What Is Happening in Venezuela? How It Got Here and Why It Matters
Just two weeks after President Nicolás Maduro of Venezuela was sworn in for a second term, an opposition leader, Juan Guaidó, declared himself the interim president, directly challenging the country’s leadership.
Tens of thousands of protesters rallied across the country on Wednesday in support of Mr. Guaidó, and the United States, Canada and many Latin American countries quickly recognized him as the legitimate head of state.
Mr. Maduro, in return, severed remaining diplomatic ties with the United States and ordered its embassy personnel out of the country within 72 hours, a deadline the Americans said they would ignore.
“I am the only president of Venezuela,” Mr. Maduro told the country, speaking from the balcony of the presidential palace on Wednesday. “We do not want to return to the 20th century of gringo interventions and coups d’état.”
Here is how Venezuela arrived at this moment.
How has Nicolás Maduro held on to power?
Mr. Maduro, who assumed the presidency after the death of his mentor, Hugo Chávez, in 2013, has overseen a drastic unraveling of the economy in Venezuela — once one of the region’s most prosperous countries — largely as a result of mismanagement and corruption.
But he has centralized power in the executive branch, tamping down on dissent through violence and intimidation, and winning the loyalty of the military by giving it control of lucrative industries.
In 2017, as protests mounted, Mr. Maduro sidelined the opposition-controlled legislature, the National Assembly, by ordering the creation of a new legislative body, known as the Constituent Assembly, which was asked to rewrite the Constitution. He jailed prominent members of the opposition, leaving it largely ineffective for many months.
In May 2018, Mr. Maduro won re-election to a new six-year term in the midst of a financial and humanitarian crisis. Coercion and vote rigging were widely reported. By the time of his inauguration on Jan. 10, many countries did not recognize his new term as legitimate, including the United States, Canada and a dozen Latin American nations.
Who is Juan Guaidó?
He has long been a critic of Mr. Maduro and Mr. Chávez, becoming politically active as a student leader in Caracas and leading protests against Mr. Chávez’s clampdown on press freedom.
His party has taken a hard-line stance against Mr. Maduro’s government, organizing street protests and rallies. Leopoldo López, the former leader of the party and one of Mr. Guaidó’s mentors, was sentenced to more than 13 years in prison after leading street protests in 2014 that challenged Mr. Maduro.
Mr. Guaidó, who declared his intention to have Mr. Maduro removed from power just days after the inauguration, was briefly detained by security forces earlier this month.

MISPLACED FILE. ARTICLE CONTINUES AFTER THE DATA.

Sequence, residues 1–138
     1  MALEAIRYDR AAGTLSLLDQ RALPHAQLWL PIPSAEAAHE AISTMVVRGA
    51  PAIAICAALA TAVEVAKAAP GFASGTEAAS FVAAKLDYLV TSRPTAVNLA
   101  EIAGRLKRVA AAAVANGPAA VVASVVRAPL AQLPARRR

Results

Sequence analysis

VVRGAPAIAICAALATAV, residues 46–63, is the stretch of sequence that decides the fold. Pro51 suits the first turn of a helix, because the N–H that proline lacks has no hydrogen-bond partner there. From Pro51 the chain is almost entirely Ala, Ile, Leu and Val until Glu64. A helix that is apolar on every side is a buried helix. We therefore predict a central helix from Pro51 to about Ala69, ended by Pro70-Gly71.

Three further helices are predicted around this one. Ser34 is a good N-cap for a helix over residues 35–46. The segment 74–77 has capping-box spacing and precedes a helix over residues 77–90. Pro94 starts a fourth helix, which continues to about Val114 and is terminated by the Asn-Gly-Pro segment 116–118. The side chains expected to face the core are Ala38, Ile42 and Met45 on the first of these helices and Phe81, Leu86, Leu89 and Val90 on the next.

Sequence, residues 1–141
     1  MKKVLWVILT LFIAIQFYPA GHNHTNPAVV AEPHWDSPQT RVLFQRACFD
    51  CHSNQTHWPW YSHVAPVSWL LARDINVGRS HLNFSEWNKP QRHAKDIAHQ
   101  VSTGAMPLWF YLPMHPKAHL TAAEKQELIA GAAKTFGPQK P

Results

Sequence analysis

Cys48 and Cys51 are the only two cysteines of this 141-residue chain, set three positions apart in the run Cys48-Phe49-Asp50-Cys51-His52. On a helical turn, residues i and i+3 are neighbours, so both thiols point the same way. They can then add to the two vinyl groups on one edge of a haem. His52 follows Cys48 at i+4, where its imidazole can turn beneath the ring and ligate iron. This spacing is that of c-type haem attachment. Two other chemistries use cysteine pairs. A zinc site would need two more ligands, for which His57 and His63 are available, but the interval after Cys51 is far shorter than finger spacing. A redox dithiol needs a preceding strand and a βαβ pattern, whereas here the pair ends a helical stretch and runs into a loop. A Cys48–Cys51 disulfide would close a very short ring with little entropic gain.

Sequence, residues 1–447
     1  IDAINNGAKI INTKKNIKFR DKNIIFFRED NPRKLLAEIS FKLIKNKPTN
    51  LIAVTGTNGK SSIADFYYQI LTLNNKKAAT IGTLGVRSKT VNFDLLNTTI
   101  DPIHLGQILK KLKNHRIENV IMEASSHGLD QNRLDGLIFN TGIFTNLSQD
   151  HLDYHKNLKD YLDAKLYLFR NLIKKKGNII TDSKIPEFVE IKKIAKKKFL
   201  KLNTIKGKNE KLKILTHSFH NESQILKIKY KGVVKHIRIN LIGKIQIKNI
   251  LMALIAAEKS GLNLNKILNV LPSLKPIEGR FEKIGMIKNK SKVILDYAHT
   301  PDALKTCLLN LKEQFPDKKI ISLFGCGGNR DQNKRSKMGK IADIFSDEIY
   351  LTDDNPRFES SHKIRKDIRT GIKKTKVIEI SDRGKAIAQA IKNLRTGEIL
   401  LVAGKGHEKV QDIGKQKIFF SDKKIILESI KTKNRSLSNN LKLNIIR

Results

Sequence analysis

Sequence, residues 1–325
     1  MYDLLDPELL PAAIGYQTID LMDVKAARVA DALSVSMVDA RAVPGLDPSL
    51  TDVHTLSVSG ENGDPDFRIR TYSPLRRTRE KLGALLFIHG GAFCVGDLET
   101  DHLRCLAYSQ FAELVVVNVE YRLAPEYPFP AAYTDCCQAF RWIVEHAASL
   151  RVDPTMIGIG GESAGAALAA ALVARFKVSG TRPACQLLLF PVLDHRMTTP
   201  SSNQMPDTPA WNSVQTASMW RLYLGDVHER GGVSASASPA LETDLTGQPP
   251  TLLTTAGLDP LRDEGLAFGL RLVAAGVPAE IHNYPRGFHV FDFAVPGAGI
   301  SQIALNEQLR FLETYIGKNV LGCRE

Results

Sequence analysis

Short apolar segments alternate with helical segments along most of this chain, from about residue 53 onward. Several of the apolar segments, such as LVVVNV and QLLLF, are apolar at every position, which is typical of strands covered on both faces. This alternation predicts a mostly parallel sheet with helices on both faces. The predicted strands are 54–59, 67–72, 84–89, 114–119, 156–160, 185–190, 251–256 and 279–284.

He says his intention now is to serve as the interim president of the country until new national elections can be held, a right he and the National Assembly assert is protected under Venezuela’s constitution. Mr. Guaidó has not yet said when elections might be held.
What about the country’s humanitarian crisis?
Consumer prices have skyrocketed, and the International Monetary Fund expects the inflation rate to reach 10 million percent in 2019, which would be one of the worst cases of hyperinflation in modern history.
Violence and hunger are widespread. Food shortages have reached new highs in recent months, and 80 percent of Venezuelan households don’t have sufficient access to food, according to monitoring groups. Grocery store shelves are bare. Hospitals struggle to treat severely malnourished children.
The country’s public health system has collapsed, leaving many without access to lifesaving medicine. The rates of several preventable diseases have risen.
What happens next?
It is unclear how the crisis will be resolved, with two men on opposite sides of the political spectrum proclaiming themselves president. Mr. Guaidó has cited an article of Venezuela’s Constitution that transfers power to the leader of the National Assembly in the event that the presidency becomes vacant.
President Trump issued a statement, minutes after Mr. Guaidó declared himself interim president, recognizing him as the country’s leader and calling the National Assembly the “only legitimate branch of government duly elected by the Venezuelan people.” The United States has not ruled out the use of military force.
Argentina, Brazil, Canada, Chile, Colombia, Costa Rica, Denmark, Paraguay, Peru and the Organization of American States have also recognized Mr. Guaidó as the country’s leader.
Mr. Maduro moved quickly on Wednesday to cut diplomatic ties with the United States and order American diplomats to leave the country. He accused the Trump administration of orchestrating a plot to overthrow him.
Other nations have stood by Mr. Maduro. Russia reiterated its support for his government on Wednesday, as did Bolivia.
The Venezuelan leadership may hinge on whether Mr. Maduro can maintain control over the military. The opposition is hoping that the turnout on Wednesday will persuade the military to break ranks.